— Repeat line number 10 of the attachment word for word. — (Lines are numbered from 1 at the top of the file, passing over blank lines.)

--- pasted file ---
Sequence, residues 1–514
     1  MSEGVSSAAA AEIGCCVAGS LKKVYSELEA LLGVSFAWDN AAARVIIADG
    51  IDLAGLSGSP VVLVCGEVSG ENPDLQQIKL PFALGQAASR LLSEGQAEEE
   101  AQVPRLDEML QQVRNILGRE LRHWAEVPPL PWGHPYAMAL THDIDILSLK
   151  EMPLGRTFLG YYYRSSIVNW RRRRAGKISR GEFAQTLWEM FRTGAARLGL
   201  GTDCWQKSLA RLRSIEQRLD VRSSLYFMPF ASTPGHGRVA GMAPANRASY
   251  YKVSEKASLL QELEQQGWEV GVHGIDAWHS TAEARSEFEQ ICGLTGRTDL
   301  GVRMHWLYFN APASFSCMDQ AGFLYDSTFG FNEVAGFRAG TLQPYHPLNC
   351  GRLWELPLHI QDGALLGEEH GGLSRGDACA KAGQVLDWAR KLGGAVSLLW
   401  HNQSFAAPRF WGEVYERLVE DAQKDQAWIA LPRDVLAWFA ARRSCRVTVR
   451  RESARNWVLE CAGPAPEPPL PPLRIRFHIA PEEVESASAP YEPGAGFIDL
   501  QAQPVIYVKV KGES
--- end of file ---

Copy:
   401  HNQSFAAPRF WGEVYERLVE DAQKDQAWIA LPRDVLAWFA ARRSCRVTVR